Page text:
Recently, I talked to a student who had been hurt by his youth pastor. You see, the student announced that he’d decided to attend a different church. And the youth pastor had severed all ties with him, almost instantly.
You know what the student said, how he had felt? Like a job.
He’d had a wonderful relationship with this youth pastor, which he needed because he was going through a rough period of his life. They had talked almost daily and the student had valued the help and the relationship. But theologically, there had been some issues that made him decide to switch churches. He never saw it coming, that changing churches would mean losing the relationship that meant so much to him.
He felt like he’d been a job, a task on a to do list, instead of a person in a valuable relationship.
As youth pastors, we talk a lot about relationships. We know relationships to be the core of youth ministry. But we cannot forget that by their very nature, relationships are not a job. They’re a calling.
I’ve been gone from my last paid position as youth pastor for over four years, yet I’m still in contact with some of my former students. This is no secret: their parents know (even though they’ve all become legal adults in the meantime), the new youth pastor knows, heck, everyone on Facebook knows.
I’ve been very open about why I have let go of most of my students, but not of all of them. Some needed me because they were in a place where they couldn’t lose the one person they trusted. Some needed me—or I should say us, because my husband was very much involved in youth ministry with me—because we had the unique experience and knowledge to help them. Some I couldn’t let go because I didn’t have a successor for almost two years and there was no one else to take over their pastoral care. And some I kept in touch with, simply because we weren’t done yet.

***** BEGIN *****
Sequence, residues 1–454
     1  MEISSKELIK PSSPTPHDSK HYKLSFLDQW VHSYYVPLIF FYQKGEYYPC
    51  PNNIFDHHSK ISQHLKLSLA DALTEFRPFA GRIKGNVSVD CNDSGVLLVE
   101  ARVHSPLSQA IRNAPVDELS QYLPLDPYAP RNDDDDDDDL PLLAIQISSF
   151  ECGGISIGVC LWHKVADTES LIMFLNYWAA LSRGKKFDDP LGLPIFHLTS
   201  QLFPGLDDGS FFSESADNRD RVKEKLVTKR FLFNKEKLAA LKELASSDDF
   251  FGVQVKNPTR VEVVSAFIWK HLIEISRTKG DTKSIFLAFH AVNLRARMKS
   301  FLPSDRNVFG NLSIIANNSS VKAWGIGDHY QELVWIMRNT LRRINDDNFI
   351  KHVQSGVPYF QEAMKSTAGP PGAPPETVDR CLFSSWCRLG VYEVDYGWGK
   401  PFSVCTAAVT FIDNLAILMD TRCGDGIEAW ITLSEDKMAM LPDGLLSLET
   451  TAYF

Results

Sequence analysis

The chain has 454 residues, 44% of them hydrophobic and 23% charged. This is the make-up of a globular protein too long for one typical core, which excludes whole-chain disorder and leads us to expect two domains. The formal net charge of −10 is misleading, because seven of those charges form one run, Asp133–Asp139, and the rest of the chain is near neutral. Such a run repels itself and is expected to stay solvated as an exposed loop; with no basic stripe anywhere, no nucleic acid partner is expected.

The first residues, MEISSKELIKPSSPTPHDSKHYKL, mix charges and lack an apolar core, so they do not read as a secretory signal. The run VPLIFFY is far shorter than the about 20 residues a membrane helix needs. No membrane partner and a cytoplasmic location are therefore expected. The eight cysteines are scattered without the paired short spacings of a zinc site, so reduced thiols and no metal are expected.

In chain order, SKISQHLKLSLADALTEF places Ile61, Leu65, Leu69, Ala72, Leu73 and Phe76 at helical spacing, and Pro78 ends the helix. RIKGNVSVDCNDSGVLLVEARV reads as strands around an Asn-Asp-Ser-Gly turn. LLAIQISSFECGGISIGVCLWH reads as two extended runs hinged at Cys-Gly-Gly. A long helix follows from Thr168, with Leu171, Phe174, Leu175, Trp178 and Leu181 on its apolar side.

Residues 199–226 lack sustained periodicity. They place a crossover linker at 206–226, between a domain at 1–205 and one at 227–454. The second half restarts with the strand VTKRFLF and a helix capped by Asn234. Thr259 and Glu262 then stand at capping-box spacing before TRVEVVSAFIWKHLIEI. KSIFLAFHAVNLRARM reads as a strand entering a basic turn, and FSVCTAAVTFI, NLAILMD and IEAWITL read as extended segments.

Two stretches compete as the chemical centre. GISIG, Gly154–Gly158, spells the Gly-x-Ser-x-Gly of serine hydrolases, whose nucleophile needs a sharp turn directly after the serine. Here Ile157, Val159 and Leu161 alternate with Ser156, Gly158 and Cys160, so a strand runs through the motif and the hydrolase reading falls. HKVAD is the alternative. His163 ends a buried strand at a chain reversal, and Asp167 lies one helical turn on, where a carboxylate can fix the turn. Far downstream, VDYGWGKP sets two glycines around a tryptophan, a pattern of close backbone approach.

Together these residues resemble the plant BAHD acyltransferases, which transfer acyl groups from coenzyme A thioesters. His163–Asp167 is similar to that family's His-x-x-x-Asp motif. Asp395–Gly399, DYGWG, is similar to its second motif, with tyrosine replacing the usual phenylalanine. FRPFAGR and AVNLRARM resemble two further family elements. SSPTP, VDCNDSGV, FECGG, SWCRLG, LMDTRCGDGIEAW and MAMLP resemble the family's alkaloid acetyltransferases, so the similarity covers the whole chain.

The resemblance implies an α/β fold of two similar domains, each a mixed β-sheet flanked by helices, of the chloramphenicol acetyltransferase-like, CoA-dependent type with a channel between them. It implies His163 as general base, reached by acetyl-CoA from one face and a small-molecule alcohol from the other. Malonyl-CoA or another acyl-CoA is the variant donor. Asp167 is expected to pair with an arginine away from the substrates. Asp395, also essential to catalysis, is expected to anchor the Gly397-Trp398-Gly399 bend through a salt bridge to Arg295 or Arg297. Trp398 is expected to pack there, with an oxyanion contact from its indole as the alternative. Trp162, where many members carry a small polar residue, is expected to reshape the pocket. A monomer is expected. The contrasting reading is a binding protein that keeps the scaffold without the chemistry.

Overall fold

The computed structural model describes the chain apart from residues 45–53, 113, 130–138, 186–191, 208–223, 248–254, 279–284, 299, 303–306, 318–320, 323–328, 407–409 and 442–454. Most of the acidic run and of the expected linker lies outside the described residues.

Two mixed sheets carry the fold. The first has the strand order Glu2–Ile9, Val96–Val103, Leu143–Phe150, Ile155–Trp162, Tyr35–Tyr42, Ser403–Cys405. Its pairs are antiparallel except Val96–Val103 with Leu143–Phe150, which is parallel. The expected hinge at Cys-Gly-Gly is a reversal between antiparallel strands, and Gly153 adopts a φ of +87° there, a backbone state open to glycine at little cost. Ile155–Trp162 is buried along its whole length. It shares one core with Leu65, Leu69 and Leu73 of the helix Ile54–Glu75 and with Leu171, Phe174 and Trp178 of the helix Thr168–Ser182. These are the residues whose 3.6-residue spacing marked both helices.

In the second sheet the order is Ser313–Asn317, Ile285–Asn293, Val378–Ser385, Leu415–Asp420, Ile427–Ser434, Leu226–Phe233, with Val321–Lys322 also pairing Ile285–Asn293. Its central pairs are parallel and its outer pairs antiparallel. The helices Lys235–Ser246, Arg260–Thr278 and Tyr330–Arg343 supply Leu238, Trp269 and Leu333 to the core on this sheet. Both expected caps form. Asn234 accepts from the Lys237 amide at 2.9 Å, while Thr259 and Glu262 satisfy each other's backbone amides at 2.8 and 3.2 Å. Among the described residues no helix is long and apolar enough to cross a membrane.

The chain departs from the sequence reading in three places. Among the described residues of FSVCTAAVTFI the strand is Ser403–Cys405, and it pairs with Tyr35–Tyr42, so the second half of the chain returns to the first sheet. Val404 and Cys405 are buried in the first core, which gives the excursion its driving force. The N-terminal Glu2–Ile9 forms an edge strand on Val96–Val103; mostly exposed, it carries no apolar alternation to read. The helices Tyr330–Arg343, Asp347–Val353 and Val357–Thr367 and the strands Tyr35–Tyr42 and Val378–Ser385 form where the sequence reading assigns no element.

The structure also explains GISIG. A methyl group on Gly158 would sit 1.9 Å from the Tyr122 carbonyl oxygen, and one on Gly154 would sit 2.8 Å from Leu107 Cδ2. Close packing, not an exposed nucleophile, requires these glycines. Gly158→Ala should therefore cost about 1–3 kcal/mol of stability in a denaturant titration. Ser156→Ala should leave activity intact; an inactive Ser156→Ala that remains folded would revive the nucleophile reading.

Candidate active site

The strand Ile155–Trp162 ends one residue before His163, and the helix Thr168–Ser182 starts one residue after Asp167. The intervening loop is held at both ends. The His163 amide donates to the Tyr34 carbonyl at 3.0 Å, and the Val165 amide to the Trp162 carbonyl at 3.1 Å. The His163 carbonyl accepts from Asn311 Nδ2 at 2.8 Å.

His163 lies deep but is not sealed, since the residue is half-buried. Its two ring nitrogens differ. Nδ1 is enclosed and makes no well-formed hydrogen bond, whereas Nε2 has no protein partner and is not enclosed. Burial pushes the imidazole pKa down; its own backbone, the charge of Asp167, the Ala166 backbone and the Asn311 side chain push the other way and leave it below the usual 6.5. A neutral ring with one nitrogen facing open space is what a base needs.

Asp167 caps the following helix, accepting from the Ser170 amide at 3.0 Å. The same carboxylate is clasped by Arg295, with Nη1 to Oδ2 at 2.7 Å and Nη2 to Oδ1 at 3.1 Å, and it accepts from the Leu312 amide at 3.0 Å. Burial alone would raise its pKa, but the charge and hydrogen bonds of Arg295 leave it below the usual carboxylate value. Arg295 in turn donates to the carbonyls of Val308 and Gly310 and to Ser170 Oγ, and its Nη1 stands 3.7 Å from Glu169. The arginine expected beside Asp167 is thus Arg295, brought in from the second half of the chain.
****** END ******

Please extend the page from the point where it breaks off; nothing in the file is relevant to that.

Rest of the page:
Relationships with students were never just my job. I invested in them long before I came on staff, back when I was a volunteer. I kept building them while I was working for that church. And after I was gone, even after I had become a volunteer in another church, even after not one but two international moves, some relationships were too valuable to me to lose. It’s because they were a calling, a Jesus-inspired heart thing, not an item in my job description or on my to do list.
Relationships with students are a precious commodity. If they mean as much to us as we say they do, they can never be just a job. It can’t be that we instantly cut all ties with (former) students when they move, when we change jobs, when they stop coming, or switch churches. True relationships transcend that. At the very least we keep investing in them until we know the students is ready to let go. Or to be let gone—grammatically incorrect, but you know what I mean.